Emerging Market Debt: Perceived Risks Greater Than Actual risks

The Stern family has been an active investor in emerging markets for generations.  In the nineteenth century, the family and its banks help to found important banks, many of which have prevailed until today, like Garanti Bank in Turkey or Banamex in Mexico. Meanwhile, Stern family banks in Paris, London and Frankfurt issued bonds in Europe for companies from many countries.  In more recent times, J. Stern & Co. has developed its Emerging Market Debt strategy which seeks to preserve and create wealth by investing in hard currency bonds issued by quality emerging market businesses. It is an asset class that has traditionally been overlooked because investors’ perception of the risks it carries is greater than the actual risks.

This year is a case in point, where geopolitics, rising inflation, monetary tightening and recession concerns have impacted all risk assets.  However, some have suffered more than others. Global equities are down 17.5% in US Dollar terms, US investment grade bonds are down 13.8%, whilst ‘hard currency’ emerging market corporate debt has fared better than most, down 9.6%.

Attractive entry point and unique source of income yield

The market repricing this year has led to higher yields in fixed-income assets.  We believe this presents an attractive entry point for long-term investors to buy and hold bonds from companies with solid underlying fundamentals that deliver generous income and total returns at a time when the global outlook is uncertain.

Moreover, this level of yield fares favourably when compared to other asset classes: including equity dividend yield (average 2.0% over the last 10 years), US Treasury current yield (average 2.5%), and US corporate investment grade current yield (average 4.5%).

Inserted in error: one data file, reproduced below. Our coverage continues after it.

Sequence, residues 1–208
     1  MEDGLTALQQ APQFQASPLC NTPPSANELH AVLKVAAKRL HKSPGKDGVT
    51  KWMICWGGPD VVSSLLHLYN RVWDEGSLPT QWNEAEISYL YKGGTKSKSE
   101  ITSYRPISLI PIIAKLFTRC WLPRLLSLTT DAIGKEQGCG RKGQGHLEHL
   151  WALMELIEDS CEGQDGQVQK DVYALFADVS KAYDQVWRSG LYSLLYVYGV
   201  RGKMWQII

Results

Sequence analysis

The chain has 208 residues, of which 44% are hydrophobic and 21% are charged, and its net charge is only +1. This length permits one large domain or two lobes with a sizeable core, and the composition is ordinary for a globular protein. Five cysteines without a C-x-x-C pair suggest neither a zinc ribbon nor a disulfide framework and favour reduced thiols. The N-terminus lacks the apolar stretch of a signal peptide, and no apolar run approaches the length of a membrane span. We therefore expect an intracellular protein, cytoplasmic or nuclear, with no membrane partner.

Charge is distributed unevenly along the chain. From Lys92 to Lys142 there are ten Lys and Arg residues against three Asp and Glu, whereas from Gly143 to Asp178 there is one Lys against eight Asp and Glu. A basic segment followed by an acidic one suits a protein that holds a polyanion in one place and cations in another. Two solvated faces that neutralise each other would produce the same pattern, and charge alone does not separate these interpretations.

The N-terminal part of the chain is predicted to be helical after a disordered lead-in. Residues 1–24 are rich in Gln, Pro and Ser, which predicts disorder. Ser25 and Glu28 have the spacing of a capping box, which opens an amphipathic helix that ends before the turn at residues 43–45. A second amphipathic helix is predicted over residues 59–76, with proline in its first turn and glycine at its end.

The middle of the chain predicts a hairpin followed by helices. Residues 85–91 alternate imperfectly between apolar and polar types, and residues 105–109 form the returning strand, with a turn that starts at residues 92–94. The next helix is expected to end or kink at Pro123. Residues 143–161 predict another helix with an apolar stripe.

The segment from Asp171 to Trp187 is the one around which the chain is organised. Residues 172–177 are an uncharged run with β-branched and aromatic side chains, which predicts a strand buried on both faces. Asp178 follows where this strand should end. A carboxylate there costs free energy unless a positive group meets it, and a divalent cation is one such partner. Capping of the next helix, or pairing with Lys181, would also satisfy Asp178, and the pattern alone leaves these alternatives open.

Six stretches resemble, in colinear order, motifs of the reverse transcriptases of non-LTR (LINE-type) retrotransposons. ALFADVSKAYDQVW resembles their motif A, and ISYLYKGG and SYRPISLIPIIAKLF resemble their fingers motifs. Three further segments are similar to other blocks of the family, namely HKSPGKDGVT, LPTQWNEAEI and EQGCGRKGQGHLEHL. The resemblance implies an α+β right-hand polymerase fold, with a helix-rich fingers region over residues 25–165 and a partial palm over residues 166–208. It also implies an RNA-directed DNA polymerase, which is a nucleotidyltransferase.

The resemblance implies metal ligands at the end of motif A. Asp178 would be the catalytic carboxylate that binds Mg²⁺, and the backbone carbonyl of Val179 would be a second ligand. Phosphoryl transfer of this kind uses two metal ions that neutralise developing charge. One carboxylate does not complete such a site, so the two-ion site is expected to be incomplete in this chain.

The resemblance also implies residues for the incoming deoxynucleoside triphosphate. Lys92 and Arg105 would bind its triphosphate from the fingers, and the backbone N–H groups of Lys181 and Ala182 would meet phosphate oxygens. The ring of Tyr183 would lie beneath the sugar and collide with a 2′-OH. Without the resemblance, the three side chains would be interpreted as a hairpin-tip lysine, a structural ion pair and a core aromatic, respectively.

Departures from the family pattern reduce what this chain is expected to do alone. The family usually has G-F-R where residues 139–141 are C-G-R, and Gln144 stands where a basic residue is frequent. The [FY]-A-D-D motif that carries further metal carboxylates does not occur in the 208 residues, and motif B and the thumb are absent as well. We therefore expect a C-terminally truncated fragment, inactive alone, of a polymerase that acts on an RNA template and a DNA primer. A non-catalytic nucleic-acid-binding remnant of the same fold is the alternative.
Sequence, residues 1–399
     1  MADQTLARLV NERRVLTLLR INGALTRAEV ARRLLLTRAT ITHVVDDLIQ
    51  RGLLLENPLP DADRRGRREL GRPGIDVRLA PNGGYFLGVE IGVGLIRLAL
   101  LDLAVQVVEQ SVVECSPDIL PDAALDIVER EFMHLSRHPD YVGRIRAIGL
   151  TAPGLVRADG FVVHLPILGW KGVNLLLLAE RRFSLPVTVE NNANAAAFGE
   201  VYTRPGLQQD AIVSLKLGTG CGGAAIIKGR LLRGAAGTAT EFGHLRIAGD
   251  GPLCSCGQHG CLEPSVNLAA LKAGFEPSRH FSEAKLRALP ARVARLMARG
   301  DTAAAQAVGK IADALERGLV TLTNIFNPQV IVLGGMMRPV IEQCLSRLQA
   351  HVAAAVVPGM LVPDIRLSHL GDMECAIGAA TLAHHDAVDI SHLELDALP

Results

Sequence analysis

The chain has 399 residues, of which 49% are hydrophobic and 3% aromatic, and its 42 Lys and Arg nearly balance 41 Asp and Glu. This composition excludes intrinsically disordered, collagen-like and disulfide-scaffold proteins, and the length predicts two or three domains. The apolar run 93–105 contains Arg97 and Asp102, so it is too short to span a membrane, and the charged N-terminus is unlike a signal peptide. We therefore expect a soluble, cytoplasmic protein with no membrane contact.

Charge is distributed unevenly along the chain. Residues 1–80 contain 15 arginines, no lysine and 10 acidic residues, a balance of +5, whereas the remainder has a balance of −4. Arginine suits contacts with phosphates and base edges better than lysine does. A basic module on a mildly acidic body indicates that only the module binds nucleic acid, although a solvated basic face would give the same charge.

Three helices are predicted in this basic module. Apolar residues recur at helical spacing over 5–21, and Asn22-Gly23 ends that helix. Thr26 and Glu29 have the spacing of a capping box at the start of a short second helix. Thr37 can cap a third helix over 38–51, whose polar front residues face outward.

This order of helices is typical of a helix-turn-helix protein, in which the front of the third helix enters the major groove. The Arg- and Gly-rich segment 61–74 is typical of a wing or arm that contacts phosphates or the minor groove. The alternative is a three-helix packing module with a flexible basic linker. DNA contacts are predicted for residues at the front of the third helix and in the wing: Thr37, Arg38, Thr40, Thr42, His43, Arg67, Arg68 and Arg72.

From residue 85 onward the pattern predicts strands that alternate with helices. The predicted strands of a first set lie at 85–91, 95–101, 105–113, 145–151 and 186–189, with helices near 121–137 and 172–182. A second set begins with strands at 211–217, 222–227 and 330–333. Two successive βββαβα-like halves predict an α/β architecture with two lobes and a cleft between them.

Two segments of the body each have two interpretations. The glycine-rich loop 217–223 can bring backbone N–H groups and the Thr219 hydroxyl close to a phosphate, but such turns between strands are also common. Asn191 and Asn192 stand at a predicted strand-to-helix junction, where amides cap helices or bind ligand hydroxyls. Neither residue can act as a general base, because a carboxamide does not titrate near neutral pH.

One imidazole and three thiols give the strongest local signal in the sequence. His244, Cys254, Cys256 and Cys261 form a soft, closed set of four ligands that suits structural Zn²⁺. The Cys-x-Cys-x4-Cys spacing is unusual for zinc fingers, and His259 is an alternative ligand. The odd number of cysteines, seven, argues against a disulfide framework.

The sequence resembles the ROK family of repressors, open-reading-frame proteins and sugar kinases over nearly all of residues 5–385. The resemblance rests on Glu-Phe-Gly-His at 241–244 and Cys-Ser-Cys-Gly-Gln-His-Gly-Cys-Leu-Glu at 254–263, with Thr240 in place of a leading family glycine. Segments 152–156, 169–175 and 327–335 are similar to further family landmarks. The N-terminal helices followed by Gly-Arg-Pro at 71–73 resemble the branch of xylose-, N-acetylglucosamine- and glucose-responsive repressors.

The overall emerging market debt asset class is worth around USD 26.3 trillion and spans multiple countries, thousands of issuers, and sectors.  It has matured over the past two decades and is no longer a play on commodities but a broader and more diversified asset class.  The asset class has two distinct categories – sovereign debt and corporate debt.  We believe the latter, in hard currency (mainly US dollars), has a key role to play as a standalone asset class within a diversified portfolio or as part of investors’ wider strategy to generate an income from their portfolios.

The emerging market sovereign debt issued by governments accounts for the majority of the emerging debt universe (USD 13.6 trillion; of which USD 12.6 trillion equivalent is in local currency) and as such tends to attract the most attention from market observers.  Erratic economic developments, political risks and foreign exchange volatility, which are more difficult to analyse, quantify and control, have all contributed to the high-risk image of the asset class.

However, ‘hard currency’ emerging market corporate debt whose risk profile is mostly driven by the companies’ fundamentals, suffers from its association with the emerging market sovereign debt asset class.  As a result, emerging market corporate debt’s perceived risks are, in our view, greater than the actual risks associated with the underlying corporates as their financial and business strength more than offset the local risks.

A quality company with a strong and sustainable competitive position, generating predictable cash flow, is in a solid position to repay its debt, regardless of where it is located.  However, a quality company based in a developed market would pay a yield considerably lower than if it were based in an emerging market because it is perceived as a lower risk.  Investors in hard currency emerging market corporate debt are paid a premium for investing in companies based on the rating of the country they are based in, even if they are global companies with diversified sources of revenue and solid fundamentals

Hard currency emerging market corporate debt currently provides investors with a current yield of 5% and a yield to maturity of 7%.  This is a higher yield than in March 2020 when the global pandemic was breaking out.  Although there have been times when yields touched higher levels there is no doubt in our view that we are now in attractive value territory.

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